Gigabit Wi-Fi at last? 802.11ac "wave 2" arrives

A new Wi-Fi standard, 802.11ac wave 2, is here and maybe, just maybe, we'll get real-world Gigabit wireless networking with it.

My first "Wi-Fi" experience was in the 80s when I used a microwave dish to send a T1, 1.544 Mbps, connection from one building to another at NASA's Goddard Space Flight Center. We've come a long way since then. But, even with 802.11ac, we've yet to crack the 1 Gigabit per second wall. Now, with the just standardized 802.11ac wave 2, we may finally break the Gbps barrier.

802.11ac wave 2 Wi-Fi

802.11ac wave 2 can not only deliver great Wi-Fi speed, it can manage multiple full-speed data-streams at once.

Wi-Fi Alliance

Sure, in a lab you can't already get 1 Gbps speeds. But most of us don't work in labs. We work in the real world.

The best performance I've ever seen using my Linksys EA9200 tri-band router with a Broadcom 5G XStream Wi-Fi chip and the latest firmware is 700Mbps. Good, but not as good as the Gigabit throughput I get over the wire off my Netgear ProSAFE Gigabit switches.

802.11ac wave 2 looks like it might set a new speed record. Wave 2 brings to the table the following features, according to the Wi-Fi Alliance:

  • MU-MIMO: Networks with MU-MIMO are capable of multitasking by sending data to multiple devices at once rather than one-at-a-time, improving overall network efficiency and throughput
  • 160 MHz channels: 802.11ac wave 2 increases the maximum channel bandwidth from 80 MHz channels to 160 MHz channels, potentially doubling transmission speeds
  • Four spatial streams: Device speeds are proportional to the number of spatial streams. Wi-Fi CERTIFIED ac now includes support for four spatial streams, up from three spatial streams.
  • Extended 5 GHz channel support: 802.11ac wave 2 encourages device support for a greater number of available channels in 5 GHz. Support for additional channels makes more efficient use of available spectrum and reduces interference and congestion by minimizing the number of networks operating on overlapping channels.

For increasing speed to a single device the most important factor above is it doubles 802.11ac's channel size. The Wi-Fi Alliance claims "devices supporting the full set of new features are capable of achieving up to three times the speed of devices supporting only original Wi-Fi CERTIFIED ac features."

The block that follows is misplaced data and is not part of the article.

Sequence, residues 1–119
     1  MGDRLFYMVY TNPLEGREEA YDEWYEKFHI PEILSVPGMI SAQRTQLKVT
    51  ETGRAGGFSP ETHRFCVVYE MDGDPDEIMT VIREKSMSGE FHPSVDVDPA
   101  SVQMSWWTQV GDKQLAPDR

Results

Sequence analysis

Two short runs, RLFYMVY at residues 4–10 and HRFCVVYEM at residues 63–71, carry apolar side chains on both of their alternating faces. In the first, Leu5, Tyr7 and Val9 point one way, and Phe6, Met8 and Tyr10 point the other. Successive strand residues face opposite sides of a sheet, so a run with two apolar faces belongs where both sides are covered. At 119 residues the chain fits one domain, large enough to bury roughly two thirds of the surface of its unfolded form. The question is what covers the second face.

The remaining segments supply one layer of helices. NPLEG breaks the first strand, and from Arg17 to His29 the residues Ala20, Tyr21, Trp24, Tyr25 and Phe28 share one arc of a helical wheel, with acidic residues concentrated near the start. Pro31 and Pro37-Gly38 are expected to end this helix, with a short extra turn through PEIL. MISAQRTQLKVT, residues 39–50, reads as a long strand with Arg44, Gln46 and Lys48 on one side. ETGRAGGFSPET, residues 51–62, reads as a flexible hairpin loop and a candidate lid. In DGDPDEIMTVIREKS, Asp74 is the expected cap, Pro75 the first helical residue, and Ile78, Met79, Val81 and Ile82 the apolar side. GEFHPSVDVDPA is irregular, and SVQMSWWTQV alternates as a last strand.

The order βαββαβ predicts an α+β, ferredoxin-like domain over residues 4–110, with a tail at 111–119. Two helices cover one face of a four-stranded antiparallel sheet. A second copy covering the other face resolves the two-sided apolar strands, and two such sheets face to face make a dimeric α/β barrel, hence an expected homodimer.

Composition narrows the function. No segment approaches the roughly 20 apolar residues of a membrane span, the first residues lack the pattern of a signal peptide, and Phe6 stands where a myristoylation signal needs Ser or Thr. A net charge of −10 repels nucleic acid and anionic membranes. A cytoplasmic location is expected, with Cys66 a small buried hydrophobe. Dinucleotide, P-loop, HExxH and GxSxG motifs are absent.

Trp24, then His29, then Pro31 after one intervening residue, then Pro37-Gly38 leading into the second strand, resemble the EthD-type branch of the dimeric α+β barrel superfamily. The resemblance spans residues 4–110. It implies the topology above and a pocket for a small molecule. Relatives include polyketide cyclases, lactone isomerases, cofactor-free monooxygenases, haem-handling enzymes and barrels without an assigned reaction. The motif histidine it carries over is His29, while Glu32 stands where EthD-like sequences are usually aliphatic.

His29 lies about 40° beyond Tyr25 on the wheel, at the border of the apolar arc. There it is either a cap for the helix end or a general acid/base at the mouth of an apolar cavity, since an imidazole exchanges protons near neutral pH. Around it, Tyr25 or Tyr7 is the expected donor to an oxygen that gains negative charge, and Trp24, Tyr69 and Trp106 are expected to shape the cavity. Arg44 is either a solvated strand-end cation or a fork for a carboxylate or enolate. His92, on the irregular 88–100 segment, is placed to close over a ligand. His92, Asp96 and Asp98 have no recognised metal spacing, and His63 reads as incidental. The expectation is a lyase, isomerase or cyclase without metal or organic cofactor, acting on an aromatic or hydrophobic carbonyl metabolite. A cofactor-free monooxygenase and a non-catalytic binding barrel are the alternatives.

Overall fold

We'll see. But, we won't be finding out soon. Don't expect to go down to your local Best Buy and buy a wave 2 device tomorrow. For now, except for the newest generations of Samsung Galaxy S7 and S7 Edge smartphones, the only 802.11ac wave 2 hardware are chipsets. By this fall, you'll find them powering high-end Wi-Fi access points and routers.

Them, we'll start to see if 802.11ac can really deliver 1 Gbps speeds when they're not on a testbench.

Even if they don't, however, you may want to upgrade to 802.11ac wave 2 networks. That's because besides the raw throughput, this updated version of 801.11ac excels at delivering networking to multiple devices. Most of wave 2's features are designed to supply the maximum amount of bandwidth to four or more devices. We're going to need all the support we can get for multiple devices.

ABI Research has predicted that average US home will have 20 connected devices by 2020. I already have twice that many in my home office.

With MU-MIMO, four spatial streams, and extended 5GHz channel support, 802.11ac wave 2 devices are exactly what you're going to need in both your office and home in the years ahead.

As Edgar Figueroa, president and CEO of Wi-Fi Alliance said in a statement: "In today's world, people have more Wi-Fi devices per person and per household, and those devices require significantly more bandwidth." 802.11ac wave 2 will meet those demands.

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